Okonomiyaki is one of Japan’s popular drinking foods because it nourishes, satisfies the munchies, and pairs well with sake, beer, and natural wine. You can make okonomiyaki at home with this okonomiyaki recipe with dashi broth, umami-rich bonito flakes, and smoky Bourbon Barrel Foods Smoked Togarashi spice adding another layer of flavor.
Exploring Japanese Drinking Foods in Osaka
While I was visiting my daughter and her BF in Osaka, we made it a point to try as many of the popular street and drinking foods as possible.
Kushi-Katsu: Deep Fried Pork Kabobs
Kushi-Katsu – originally street food, kushi-katsu, or deep-fried pork kabobs, are served everywhere now. You can find it at street stands in Dotonbori or served at trendy izakayas and casual restaurants around Osaka. We went to the Sinsekai area where nearly every restaurant specializes in kushi-katsu.
Kushi-katsu is perfect beer food! We ordered avocado, quail egg, eggplant, sweet potato, chicken thigh, bacon, camembert, shiitake, and two salads for a fresh component to balance the fat. You can get almost anything on a stick – it’s like being at the fair… but in Japan. There are also unfried options like rice, yakisoba, and other simple Japanese fare.
Takoyaki: Fried Octopus Balls
Takoyaki – a diced piece of raw octopus is mixed with a batter of flour, onions, and various other ingredients is cooked in a special pan similar to a large aebleskiver pan. The perfectly-shaped round balls are drizzled with a special takoyaki sauce and topped with a mound of salty dried bonito flakes. The snack can be found in most Osaka casual restaurants but tastes best when purchased from street vendors.
Known for having the best food in all of Japan, Osaka’s culinary scene explodes with variety and flavor attracting food lovers from around Japan and the world. To fully experience Osaka’s street food scene, head to bustling, colorful Dotonbori. It’s easy to identify the specialty of each restaurant or stand by the eye-catching, cartoonish 3-D imagery. Look no further than the giant red octopus for a taste of okonomiyaki!
What is Okonomiyaki?
The name okonomiyaki is derived from the word okonomi, meaning “what you like”, and yaki meaning “cooked” (usually fried). Originating in Osaka (the largest city in the Kansai region), the Kansai-, Osaka-style okonomiyaki is widely available throughout Japan but the batter and ingredients vary by region.
Okonomiyaki is a savory, umami-packed pancake. The batter is made of flour, water or dashi, eggs, and shredded cabbage. Other ingredients such as green onion, meat (usually thin-sliced pork belly, often mistaken for bacon), octopus, shrimp, squid, vegetables, mochi or cheese are added.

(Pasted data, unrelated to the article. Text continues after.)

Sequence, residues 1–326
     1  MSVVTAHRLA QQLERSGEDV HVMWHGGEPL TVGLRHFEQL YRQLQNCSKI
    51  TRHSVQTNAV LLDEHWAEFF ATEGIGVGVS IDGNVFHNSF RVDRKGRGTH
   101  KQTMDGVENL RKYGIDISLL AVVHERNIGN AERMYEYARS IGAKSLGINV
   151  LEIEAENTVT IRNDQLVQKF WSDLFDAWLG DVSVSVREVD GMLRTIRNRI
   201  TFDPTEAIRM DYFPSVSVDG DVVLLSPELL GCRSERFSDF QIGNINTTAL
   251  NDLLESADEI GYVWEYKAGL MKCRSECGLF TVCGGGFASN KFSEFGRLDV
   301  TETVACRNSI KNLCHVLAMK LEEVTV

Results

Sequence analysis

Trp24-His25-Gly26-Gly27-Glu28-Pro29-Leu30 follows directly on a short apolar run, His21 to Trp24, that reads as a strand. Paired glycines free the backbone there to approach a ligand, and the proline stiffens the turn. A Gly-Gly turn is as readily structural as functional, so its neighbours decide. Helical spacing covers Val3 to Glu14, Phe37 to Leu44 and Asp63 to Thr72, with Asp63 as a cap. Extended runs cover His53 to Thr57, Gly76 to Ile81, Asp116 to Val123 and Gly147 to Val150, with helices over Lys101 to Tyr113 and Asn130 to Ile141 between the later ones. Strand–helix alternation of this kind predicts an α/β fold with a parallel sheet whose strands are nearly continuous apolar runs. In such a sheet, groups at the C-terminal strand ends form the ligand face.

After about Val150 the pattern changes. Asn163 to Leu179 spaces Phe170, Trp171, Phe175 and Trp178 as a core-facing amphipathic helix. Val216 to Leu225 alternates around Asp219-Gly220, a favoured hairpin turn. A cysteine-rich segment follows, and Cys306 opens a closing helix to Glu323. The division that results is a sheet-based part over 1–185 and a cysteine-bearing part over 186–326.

Some okonomiyaki restaurants are grill-it-yourself teppan-style where tables are fitted with a teppan or special hot plate and the server brings the raw ingredients to you. These restaurants may also have a diner-style counter where the cook prepares the dish in front of you.
Japanese Okonomiyaki Recipe
In this recipe, adapted from Food & Wine, I substituted bacon for pork belly and added two of my favorite artisan products from Kentucky: Bourbon Barrel Foods Smoked Togarashi spice for a subtle smoky flavor and the Bourbon Barrel Foods sweet, tangy Barbecue Sauce in place of prepared Okonomiyaki sauce. Hopefully, you have an Asian market near you where you can purchase dashi broth (or powder), Kewpie mayonnaise, bonito flakes, nori, and pickled ginger. If not, some of these ingredients are available on Amazon.com.
You can use American mayonnaise, but you would be missing out on the fabulousness that is Japanese Kewpie mayonnaise. By adding a dash of sweetener, a little rice vinegar, and a dab of mustard, you can make your own Kewpie mayonnaise from regular mayo as I did in my Japanese Potato Salad recipe.
Impress your party guests when you serve Okonomiyaki, a popular Japanese drinking food that is essentially an umami-packed, savory cabbage pancake.
- 1 cup all-purpose flour (about 4-1/4 oz.)
- 1 cup prepared dashi*
- 2 large eggs
- 1 tsp Bourbon Barrel Foods Smoked Togarashi
- 1/4 cup chopped bonito flakes
- 4 cups thinly sliced cabbage (about 10 oz.)
- 1 Tbsp unsalted butter
- 4 slices bacon, cut in half
- 3 Tbsp Bourbon Barrel Foods Barbecue Sauce**
- 2 Tbsp mayonnaise* (preferably Kewpie)
- 3 Tbsp ground bonito flakes
- 2 Tbsp slivered beni shoga (Japanese pickled ginger)
- 2 Tbsp thinly sliced nori
Fry the bacon (not too well done as it will be cooked again).
Whisk together the flour, dashi, eggs, and Togarashi spice until well incorporated. Fold in cabbage and chopped bonito flakes.
Melt butter in a 12-inch non-stick skillet or flat griddle over medium heat. Spread batter evenly in skillet and top with cooked bacon slices in a single layer. Cover and cook until bottom is browned. 6-8 minutes.
Slide pancake onto a large plate, cutting board, or cookie sheet. Place skillet over pancake and, holding plate and skillet firmly together, invert pancake into skillet, bacon side down. Cook over medium heat until pancake is heated through, about 10 minutes.
Invert okonomiyaki onto a plate, bacon side up. Brush or drizzle with barbecue sauce, and dollop or drizzle with mayonnaise. Sprinkle with ground bonito flakes, beni shoga, and nori. Cut into wedges and serve immediately.
*I used a powdered sozairyoku dashi (no salt or MSG added) dissolved into 3 cups of heated water.
** Instead of prepared Okonomiyaki sauce which is high in sodium, I substituted Bourbon Barrel Foods Barbecue sauce for its sweet, tangy goodness, and only 100 mg of sodium per 2 Tbsp.
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#1 on 2019-Aug-09 Fri 08:54+-25200